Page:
Before the advent of modern technology, most buying and selling was a pretty straightforward process. The buyer met the seller at the seller’s place of business and goods and services were exchanged. In short, the buyer and seller had one interaction before the transaction.
However, technologies such as the Internet and telephone changed the game completely. Now, instead of one point of contact leading to a transaction, also known as a “touchpoint,” customers and businesses have many touchpoints, any of which can lead to a sales conversion.
Knowing the most effective touchpoints gives marketers a leg up because they know where to devote the most resources.
In this article, we’ll dive into the best tool for discerning this information: multi-channel attribution.
In short, multi-channel attribution is a term for the process of identifying the touchpoints that lead to the most sales conversions.
While specific touchpoints differ based on transaction type, the most common include:
Some of these are obvious. Some are subtle. The big picture is that all of these touchpoints represent a place where the business and consumer “meet,” introducing the potential for the customer to convert.
As stated above, knowing which touchpoints generate the most conversions is essential for any digital marketing campaign. According to The Online Marketing Institute, the journey from initial contact to sale takes 7-13 touchpoints for most people.
Given the number of touchpoints, multi-channel attribution comes with many advantages.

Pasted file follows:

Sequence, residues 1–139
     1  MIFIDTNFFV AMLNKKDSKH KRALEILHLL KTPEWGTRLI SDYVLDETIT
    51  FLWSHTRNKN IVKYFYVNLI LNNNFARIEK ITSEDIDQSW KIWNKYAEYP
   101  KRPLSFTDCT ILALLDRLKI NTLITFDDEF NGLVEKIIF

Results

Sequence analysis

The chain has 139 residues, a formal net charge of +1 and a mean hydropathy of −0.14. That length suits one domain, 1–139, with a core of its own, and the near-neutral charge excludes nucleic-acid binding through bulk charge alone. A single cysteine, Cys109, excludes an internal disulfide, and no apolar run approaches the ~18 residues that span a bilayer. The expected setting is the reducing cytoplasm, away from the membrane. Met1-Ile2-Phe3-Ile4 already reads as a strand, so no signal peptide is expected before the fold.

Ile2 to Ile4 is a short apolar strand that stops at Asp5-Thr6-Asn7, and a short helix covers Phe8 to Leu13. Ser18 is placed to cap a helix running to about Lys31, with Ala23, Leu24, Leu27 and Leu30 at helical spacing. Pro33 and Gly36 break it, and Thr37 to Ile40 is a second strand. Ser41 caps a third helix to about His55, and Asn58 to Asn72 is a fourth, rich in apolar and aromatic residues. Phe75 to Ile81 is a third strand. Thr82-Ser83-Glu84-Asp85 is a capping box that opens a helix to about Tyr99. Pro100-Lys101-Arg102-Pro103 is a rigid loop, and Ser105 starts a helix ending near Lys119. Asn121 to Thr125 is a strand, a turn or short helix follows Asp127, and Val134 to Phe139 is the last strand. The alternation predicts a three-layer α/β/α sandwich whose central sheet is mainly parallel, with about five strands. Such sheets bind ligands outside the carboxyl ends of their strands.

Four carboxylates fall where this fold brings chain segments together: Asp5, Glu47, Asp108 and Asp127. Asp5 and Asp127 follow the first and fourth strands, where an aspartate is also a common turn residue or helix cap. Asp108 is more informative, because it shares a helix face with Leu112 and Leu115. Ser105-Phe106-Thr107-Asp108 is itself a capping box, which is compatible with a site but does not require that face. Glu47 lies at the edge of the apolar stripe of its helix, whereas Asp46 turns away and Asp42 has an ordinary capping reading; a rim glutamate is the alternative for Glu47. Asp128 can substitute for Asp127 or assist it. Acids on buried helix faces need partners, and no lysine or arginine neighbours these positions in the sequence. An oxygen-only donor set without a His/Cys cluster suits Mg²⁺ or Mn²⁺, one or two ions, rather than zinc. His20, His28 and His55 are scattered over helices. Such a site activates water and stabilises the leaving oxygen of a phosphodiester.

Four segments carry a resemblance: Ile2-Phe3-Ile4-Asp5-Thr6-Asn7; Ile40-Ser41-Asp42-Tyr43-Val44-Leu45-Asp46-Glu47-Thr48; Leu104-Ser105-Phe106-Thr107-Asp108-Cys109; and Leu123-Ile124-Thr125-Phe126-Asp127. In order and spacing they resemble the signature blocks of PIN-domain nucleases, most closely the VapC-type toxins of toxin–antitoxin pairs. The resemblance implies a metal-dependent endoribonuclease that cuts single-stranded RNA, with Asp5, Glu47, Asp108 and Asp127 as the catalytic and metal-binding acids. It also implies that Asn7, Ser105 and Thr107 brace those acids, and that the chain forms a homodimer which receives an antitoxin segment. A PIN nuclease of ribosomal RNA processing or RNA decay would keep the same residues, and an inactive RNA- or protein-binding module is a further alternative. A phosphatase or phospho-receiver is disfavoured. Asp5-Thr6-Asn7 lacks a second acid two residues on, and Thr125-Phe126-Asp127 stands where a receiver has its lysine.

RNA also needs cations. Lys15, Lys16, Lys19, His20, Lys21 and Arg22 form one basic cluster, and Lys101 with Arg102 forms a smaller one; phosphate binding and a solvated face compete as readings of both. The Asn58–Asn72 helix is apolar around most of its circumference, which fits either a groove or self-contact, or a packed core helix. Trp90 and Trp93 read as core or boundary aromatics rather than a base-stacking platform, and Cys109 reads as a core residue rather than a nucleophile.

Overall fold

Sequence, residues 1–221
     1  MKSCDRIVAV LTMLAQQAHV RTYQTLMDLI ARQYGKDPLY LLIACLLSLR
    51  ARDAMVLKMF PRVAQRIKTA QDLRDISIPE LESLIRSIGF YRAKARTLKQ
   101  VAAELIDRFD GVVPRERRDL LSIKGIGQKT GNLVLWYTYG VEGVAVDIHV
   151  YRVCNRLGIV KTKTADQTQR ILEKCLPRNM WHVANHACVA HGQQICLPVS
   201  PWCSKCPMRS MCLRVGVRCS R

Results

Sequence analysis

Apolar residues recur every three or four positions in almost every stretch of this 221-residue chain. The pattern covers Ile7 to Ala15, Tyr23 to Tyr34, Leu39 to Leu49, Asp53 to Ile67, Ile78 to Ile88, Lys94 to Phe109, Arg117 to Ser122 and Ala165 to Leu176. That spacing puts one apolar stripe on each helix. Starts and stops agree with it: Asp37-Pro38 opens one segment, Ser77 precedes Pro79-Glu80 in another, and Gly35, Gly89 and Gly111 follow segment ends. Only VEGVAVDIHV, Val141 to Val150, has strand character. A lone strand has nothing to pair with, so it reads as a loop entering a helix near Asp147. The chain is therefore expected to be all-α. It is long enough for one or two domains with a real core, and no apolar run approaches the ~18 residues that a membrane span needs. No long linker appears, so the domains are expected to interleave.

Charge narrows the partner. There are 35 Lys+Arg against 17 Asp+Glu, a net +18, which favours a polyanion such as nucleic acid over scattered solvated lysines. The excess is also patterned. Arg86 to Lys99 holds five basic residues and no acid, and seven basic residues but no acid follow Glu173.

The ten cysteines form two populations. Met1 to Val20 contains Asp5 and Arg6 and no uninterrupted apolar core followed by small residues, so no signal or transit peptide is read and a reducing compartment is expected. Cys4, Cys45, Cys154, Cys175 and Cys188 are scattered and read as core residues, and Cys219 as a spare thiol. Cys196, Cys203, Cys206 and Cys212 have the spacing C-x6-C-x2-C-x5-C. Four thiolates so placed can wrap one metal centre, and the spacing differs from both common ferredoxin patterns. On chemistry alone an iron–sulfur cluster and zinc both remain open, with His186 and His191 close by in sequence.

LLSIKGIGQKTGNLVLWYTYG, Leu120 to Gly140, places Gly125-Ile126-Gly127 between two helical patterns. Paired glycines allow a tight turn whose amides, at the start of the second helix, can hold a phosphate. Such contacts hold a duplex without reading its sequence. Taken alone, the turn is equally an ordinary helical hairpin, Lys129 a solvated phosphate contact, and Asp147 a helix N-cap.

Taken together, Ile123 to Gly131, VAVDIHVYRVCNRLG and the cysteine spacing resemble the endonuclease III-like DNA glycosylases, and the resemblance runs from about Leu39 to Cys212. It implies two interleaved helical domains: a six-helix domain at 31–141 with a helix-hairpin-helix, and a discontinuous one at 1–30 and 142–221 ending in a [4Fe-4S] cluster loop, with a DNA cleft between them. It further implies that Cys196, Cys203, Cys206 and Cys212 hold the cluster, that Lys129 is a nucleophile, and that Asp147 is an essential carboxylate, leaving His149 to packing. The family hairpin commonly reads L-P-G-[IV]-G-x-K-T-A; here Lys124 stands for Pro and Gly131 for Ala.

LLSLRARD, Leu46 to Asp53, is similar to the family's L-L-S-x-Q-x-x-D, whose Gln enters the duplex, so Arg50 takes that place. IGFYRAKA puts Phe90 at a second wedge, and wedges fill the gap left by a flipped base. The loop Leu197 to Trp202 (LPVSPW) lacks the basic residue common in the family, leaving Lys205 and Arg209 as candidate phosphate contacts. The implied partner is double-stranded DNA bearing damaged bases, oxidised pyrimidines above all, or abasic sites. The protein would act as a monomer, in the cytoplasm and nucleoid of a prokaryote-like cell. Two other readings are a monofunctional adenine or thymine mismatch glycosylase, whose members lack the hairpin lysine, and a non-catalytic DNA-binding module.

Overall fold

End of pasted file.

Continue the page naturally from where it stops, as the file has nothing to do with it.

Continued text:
We’ve broken down the five most important benefits below.
If the journey from initial contact to conversion were linear, knowing each step of the sales process would be easy.
However, because most conversions entail a cyclical process of enthusiasm and hesitation regarding a purchase, the journey is much more complex.
Take, for example, a customer’s potential journey in purchasing a new watch.
In short, the customer’s journey from interest to conversion is full of starts and stops, engagements and breaks. Multi channel attribution helps you understand this journey better.
Multi channel attribution results in a lot of data; this data can then be used to strengthen your marketing strategies.
Let’s look at a few important pieces of cross channel attribution data.
A multi channel attribution model can give you an idea of how customers use your website. This data can then be used to see which aspects of your website are “capturing” the most customers.
Multi channel attribution allows you to see customer movement through the following:
Knowing customers’ movements through your website can chart their path from interest to conversion more accurately. Then, you can highlight the most successful pages in paid search ads, social media links, internal linking, and beyond.
Multi channel attribution also gives you data regarding which channels offer the highest ROI. This data can then be used to:
Although data about ROI can be informative, analyzing the data can be tricky—especially for direct mail.
Fortunately, Poplar’s here to help. A leader in direct mail marketing, Poplar’s direct mail attribution analysis can give you invaluable data regarding the efficacy of your direct mail campaign.
Marketing decisions are anything but straightforward. One minute, customers are driven by ads on Facebook; the next, they’re relying more on organic searches.
In a perfect world, you’d have the budget to fund all of these channels. However, that’s just not possible.
Multi channel attribution greatly helps with budget allocation. In addition to assigning values to different channels (thereby telling you how much you should spend on each channel), multi channel attribution allows you to fund the most efficient channels.
For example, although a channel may bring in a lot of traffic, these customers aren’t as active as customers brought in via a less-trafficked channel. Multi channel attribution lets you know to budget more resources towards the latter.